Malcolm Gladwell just doesn’t understand Facebook. I read his article in the New Yorker about social media activism and my first thought was “what Facebook is he using?”
Facebook is, first and foremost, about strong ties.
In the article, Mr. Gladwell states that “Facebook is a tool for efficiently managing your acquaintances, for keeping up with the people you would not otherwise be able to stay in touch with. That’s why you can have a thousand “friends” on Facebook, as you never could in real life.” The average Facebook user has 130 friends, not thousands, and these people are not just acquaintances. The site’s popularity is driven by its ability to connect you to people you care about the most. In fact, Facebook’s secret algorithm that chooses what displays in your News Feed is rooted in figuring out who your best friends are. The reason the fastest growing demographic on the site is women over 40 years old is because they are looking at photos of their kids and their grandkids, staying in touch with their strong ties. For example, when I joined a cause I care about (improving public education) yesterday, the first three people I recruited were my brother-in-law, my sister, and my mom. Even as Facebook pushes 550 million monthly active users it continues to be a place to connect with your closest friends and family.
There is a ladder of engagement to becoming a hard-core activist.
Social media may dramatically lower the barrier of entry to calling yourself an ‘activist,’ but this is pure added value for society. Activism is not a zero-sum game where taking an action online makes you less likely or able to take other actions. In fact, the National Conference on Citizenship finds that people who take small actions online are actually more likely to take higher-impact actions later. Even if you consider high-risk activism the end goal, most people begin their activist involvement with low-risk conversations and actions.
High-risk activism needs low-risk activism.
The distinction that Mr. Gladwell draws between high-risk activism and low-risk activism is half-baked. Certainly, high-risk activism has created social change. But “low-risk” supporters have been an important part of every social change movement as well. In fact, one could argue that social change movements have required low-risk activism to reach a “tipping point”. Taking Gladwell’s example of the civil rights movement, we can look to the thousands of people who wrote checks to the SCLC because they wanted to help, but did not want to go on the Freedom Rides.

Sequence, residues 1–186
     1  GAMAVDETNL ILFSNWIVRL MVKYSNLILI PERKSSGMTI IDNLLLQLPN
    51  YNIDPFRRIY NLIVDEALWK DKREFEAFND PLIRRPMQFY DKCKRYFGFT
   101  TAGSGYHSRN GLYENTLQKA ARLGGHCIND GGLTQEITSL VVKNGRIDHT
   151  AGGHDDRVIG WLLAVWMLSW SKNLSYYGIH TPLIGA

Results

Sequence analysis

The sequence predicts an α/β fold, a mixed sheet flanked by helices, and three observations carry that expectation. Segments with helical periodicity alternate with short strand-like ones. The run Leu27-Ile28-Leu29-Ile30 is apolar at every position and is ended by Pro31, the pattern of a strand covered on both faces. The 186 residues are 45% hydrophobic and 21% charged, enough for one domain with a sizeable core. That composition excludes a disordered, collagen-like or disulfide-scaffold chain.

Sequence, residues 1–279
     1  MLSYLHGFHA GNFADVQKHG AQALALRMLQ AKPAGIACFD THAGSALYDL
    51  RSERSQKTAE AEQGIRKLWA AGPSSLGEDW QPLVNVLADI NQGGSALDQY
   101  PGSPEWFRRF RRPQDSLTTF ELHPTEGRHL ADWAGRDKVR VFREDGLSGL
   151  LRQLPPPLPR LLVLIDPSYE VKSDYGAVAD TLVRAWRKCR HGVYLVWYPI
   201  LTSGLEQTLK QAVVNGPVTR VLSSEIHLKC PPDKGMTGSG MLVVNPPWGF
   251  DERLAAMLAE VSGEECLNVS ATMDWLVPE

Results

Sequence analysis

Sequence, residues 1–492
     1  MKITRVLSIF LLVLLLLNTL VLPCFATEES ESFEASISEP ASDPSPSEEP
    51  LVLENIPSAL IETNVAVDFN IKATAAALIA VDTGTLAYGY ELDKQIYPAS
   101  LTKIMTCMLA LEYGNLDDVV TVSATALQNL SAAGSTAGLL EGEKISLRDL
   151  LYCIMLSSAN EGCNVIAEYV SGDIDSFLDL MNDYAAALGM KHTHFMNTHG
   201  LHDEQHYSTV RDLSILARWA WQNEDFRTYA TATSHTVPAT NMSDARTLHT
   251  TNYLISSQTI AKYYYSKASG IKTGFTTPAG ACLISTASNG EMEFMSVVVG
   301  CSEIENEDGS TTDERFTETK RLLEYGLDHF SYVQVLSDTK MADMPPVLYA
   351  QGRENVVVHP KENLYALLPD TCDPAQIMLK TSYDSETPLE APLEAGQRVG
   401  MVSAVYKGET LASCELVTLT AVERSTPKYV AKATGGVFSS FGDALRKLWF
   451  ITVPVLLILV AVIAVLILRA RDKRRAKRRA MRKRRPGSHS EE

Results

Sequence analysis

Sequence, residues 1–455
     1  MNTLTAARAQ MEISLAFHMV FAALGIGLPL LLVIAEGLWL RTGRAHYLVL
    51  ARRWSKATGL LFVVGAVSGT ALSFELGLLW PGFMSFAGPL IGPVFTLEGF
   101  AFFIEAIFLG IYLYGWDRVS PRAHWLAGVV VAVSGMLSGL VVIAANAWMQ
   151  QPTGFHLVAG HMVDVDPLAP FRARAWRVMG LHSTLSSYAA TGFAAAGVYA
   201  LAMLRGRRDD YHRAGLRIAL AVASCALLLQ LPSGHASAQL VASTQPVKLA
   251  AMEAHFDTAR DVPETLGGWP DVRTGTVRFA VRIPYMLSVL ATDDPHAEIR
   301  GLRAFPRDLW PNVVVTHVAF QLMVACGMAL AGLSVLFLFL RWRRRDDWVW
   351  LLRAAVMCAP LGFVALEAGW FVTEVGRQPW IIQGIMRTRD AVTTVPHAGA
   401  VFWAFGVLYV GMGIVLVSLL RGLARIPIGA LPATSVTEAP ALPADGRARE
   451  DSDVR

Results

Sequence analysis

To offer an example from the Causes platform, a cause created around the documentary film called “The Cove” has reached nearly 900,000 members. The high-risk action takers in this case are Ric O’Barry and a handful of colleagues who travel to Japan, confront dolphin hunters, and make headlines by marching in front of embassies and disrupting meetings of the Internationl Whaling Commission. But Ric relies on the community of 900,000 supporters to take the low-risk actions that show they’re behind him – they signed a petition that Ric delivered to the Japanese government, they donated $10 or $20 which has added up to the $110,000 raised on Causes to send him on his next trip to Japan, and they will make up the supporters who will attend an off-line rally in Washington DC this spring.
Weak ties can also build social movements. As Jonah Lehrer posted in his response to the article in Wired, weak ties “play a seminal role in building trust among a large group of loosely affiliated members, which is essential for rallying behind a cause.” He cites a 1973 paper by Mark Granovetter which analyzes the power of weak ties in creating change, including a successful movement to fight off a massive urban renewal project. Facebook combines the ability to tap your closest friends to take action with you (thanks for joining the cause Mom) but I can also broadcast out to my 1600 Facebook friends which only adds additional potential supporters. The ability to take action in a place where both your strong and weak ties exist together makes Facebook an extremely powerful platform from which to take action.
Social media makes activism more accessible, cheaper, faster, and easier. And that’s a great thing.
Movements for social change require a lot of community involvement and, right now, community is being built on Facebook. It might not look like a church basement but it’s quicker to get there, easier to park, and you’ll get a lot of people showing up who never would have found the church basement. That doesn’t mean that organizing shouldn’t be done in person as well, but if you can get 50 people in the church, there are another 500 people you could get to take a lower barrier-to-entry action like joining a cause. If Martin Luther King Jr. wouldn’t have needed social media because “ninety-eight per cent of the black community could be reached every Sunday morning at church” then maybe it wouldn’t be the best tool for him. But, unfortunately, the reality today is that ninety-eight per cent of the people needed to solve our most pressing social problems are not all sitting in the same room. They’re stretched across the world, they come from different cultures and generations, and they certainly can’t all gather in the same building this Sunday. But they are on Facebook and more than 250 million of them are signing in every single day.
And with the problems we face today, we’re gonna need all the help we can get.